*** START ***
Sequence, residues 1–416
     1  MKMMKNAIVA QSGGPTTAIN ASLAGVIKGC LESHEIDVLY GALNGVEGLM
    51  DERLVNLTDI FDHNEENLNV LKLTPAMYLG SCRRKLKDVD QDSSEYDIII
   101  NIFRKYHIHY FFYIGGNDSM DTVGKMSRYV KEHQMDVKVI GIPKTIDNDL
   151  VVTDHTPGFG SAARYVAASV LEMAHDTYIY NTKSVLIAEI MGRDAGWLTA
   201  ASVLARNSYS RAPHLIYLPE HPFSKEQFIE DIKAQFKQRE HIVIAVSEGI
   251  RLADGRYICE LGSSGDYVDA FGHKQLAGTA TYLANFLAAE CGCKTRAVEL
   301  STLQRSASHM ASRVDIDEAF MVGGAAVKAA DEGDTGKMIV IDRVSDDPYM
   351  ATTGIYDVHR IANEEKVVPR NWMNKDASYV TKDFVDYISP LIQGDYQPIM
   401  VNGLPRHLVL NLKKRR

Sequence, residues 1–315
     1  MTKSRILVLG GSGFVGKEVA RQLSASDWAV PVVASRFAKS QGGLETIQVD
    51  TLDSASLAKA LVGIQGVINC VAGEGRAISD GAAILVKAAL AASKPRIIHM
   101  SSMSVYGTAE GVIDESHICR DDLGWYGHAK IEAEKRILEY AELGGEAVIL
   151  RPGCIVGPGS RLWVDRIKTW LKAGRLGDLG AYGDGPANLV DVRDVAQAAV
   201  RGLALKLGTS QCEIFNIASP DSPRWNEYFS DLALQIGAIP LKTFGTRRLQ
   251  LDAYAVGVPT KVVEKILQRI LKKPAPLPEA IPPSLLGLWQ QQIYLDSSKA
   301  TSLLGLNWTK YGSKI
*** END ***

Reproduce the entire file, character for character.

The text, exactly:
Sequence, residues 1–416
     1  MKMMKNAIVA QSGGPTTAIN ASLAGVIKGC LESHEIDVLY GALNGVEGLM
    51  DERLVNLTDI FDHNEENLNV LKLTPAMYLG SCRRKLKDVD QDSSEYDIII
   101  NIFRKYHIHY FFYIGGNDSM DTVGKMSRYV KEHQMDVKVI GIPKTIDNDL
   151  VVTDHTPGFG SAARYVAASV LEMAHDTYIY NTKSVLIAEI MGRDAGWLTA
   201  ASVLARNSYS RAPHLIYLPE HPFSKEQFIE DIKAQFKQRE HIVIAVSEGI
   251  RLADGRYICE LGSSGDYVDA FGHKQLAGTA TYLANFLAAE CGCKTRAVEL
   301  STLQRSASHM ASRVDIDEAF MVGGAAVKAA DEGDTGKMIV IDRVSDDPYM
   351  ATTGIYDVHR IANEEKVVPR NWMNKDASYV TKDFVDYISP LIQGDYQPIM
   401  VNGLPRHLVL NLKKRR

Sequence, residues 1–315
     1  MTKSRILVLG GSGFVGKEVA RQLSASDWAV PVVASRFAKS QGGLETIQVD
    51  TLDSASLAKA LVGIQGVINC VAGEGRAISD GAAILVKAAL AASKPRIIHM
   101  SSMSVYGTAE GVIDESHICR DDLGWYGHAK IEAEKRILEY AELGGEAVIL
   151  RPGCIVGPGS RLWVDRIKTW LKAGRLGDLG AYGDGPANLV DVRDVAQAAV
   201  RGLALKLGTS QCEIFNIASP DSPRWNEYFS DLALQIGAIP LKTFGTRRLQ
   251  LDAYAVGVPT KVVEKILQRI LKKPAPLPEA IPPSLLGLWQ QQIYLDSSKA
   301  TSLLGLNWTK YGSKI